Do mosquitoes spread Lyme disease?

Lyme disease causing Borrelia spirochetes can survive in the tick midgut. Mosquitoes, lice and other insects have a different way of digesting their blood meal. This midgut environment of other insects is hostile to b. burgdorferi. The digestion process in the midgut of other insects involves more acidity and proteases against which b. burgdorferi spirochetes have no defense.

Relapsing fever Borrelia such as b. recurrentis can be transmitted by lice because in contrast with b. burgdorferi they do survive the harsh environment of the midgut of lice. Relapsing fever Borrelia are totally different spirochetes and cause a different disease which is accompanied by high fevers unlike Lyme disease, which in the first stages resembles a mild summer flu.

The myth that other insects could possibly spread Lyme disease stems from a study from Germany that evaluated the presence of b. burgdorferi sensu lato spirochetes in mosquitoes and from this study came the patient-culture myth that you could get Lyme disease from mosquito bites.

Summing up the German study

In less than 3,6% of the 682 mosquitoes evidence of borrelia burgdorferi sensu lato was found. The authors identified some of the spirochetes in the saliva glands of the mosquito.

After that they describe the transmission cycle of ticks and conclude that none of the conditions that would be needed for mosquitoes to transmit spirochetes are present as far as is known.

According to the authors the question whether mosquitoes can serve as a second mechanical vector remains unclear. They would like to further study how mosquito larva acquire spirochetes and if mosquitoes have function related proteins that could enable the attachment and survival of spirochetes after ingestion.

What are the requirements for Borrelia burgdorferi transmission?

There have been a fair amount of studies done that look for the presence of Lyme spirochetes in mosquitoes and most studies found that between 1-3% of the mosquitoes indeed carried the Lyme spirochete. In a patients mind this must mean mosquitoes are able to infect humans but it is not so simple.

In ticks b. burgdorferi upregulates outer surface protein A (OspA) and remain immobile while the tick molds into their next developmental stage. When the tick feeds in this next stage the feeding activates the dormant spirochetes. They proliferate and replace OspA with with other surface proteins, leave the midgut and disseminate into the saliva glands. From there they are inoculated into the vertebrate skin. These developmental changes in the spirochete take approximately 2 days to complete. Far longer than a mosquito feeds (about 90 seconds).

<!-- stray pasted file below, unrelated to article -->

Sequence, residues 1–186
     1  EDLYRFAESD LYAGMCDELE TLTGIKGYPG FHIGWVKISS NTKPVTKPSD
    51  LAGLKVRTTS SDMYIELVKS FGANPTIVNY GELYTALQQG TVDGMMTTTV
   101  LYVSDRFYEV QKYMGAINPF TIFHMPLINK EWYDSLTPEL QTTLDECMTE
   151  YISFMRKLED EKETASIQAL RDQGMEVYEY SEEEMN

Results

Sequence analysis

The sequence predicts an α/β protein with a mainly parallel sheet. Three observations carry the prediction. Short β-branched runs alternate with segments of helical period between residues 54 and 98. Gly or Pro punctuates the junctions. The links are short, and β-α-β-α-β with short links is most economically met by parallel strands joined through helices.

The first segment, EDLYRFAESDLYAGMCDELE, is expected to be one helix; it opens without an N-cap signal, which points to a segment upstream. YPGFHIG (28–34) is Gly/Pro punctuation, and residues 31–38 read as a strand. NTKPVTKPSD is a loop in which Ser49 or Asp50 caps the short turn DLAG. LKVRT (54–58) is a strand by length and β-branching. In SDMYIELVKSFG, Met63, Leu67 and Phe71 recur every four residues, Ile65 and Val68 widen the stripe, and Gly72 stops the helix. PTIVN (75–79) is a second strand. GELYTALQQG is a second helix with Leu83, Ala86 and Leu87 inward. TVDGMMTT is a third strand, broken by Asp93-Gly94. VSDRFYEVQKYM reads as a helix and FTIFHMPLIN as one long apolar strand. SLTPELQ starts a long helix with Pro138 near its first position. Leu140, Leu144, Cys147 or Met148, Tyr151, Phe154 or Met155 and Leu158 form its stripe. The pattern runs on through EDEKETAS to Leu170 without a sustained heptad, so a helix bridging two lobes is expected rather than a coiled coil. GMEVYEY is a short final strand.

• Because of this low attachment and feeding time of the mosquito they are unlikely to ingest many Lyme spirochetes.
  • We already established that Borrelia burgdorferi has no natural defenses against the proteases that are involved in the digestion of the bloodmeal in the midgut of other insects such as mosquitoes.
  • The spirochetes are unlikely to invade the saliva glands before the feeding of the mosquito is finished.
  • Studies have failed to show the ability of mosquitoes to transmit Lyme spirochetes to the vertebrate host.

Differences in feeding

Mosquitoes feed from vessels and cannulate dermal capilaries and rarely draw blood from the interstitial tissue. The destruction of skin by tick feeding facilitates the uptake of Lyme spirochetes whereas the cannulation of capilaries by mosquitoes does not.

Tick saliva

Besides the fact that mosquitoes do not meet the complex transmission requirements of Lyme spirochetes, ticks secrete saliva into the host. The components of this saliva assist the spirochetes within the new host. Even if mosquitoes were able to transmit the Lyme spirochete, the human immune system would kill off the Lyme spirochete immediately. Other insects don’t need this protein in their saliva because they feed in a much shorter time and thus don’t have to temporarily shut down the inflammation response around the bite site like ticks.

Borrelia afzelii

Recently a preprint suggested that Borrelia afzelii transmission is different from the model transmission cycle of Borrelia burgdorferi. The scientists suggest that tick saliva is not important for B. afzelii transmission and infectivity. Instead they suggest Borrelia afzelii relies on the rotation of outer surface proteins. They suggest a direct gut-to-mouth transmission instead of the route from the midgut, trough the hemolymph to the saliva glands. This could mean some of the arguments against mosquito transmission are not valid when it comes to Borrelia afzelii.

No case reports

There are no case reports of patients that develop an erythema migrans after a mosquito bite in the literature.

Conclusion

It seems impossible that mosquitoes can transmit Borrelia burgdorferi considering the complex transmission model. However, scientists have recently suggested that Borrelia afzelii has a different transmission cycle. But mosquito transmission is still an unlikely probability.

Some mosquitoes do transmit viruses such as West Nile Virus and parasites like Malaria so if you
are visiting endemic area for these diseases protect yourself and get the required travel vaccinations.

References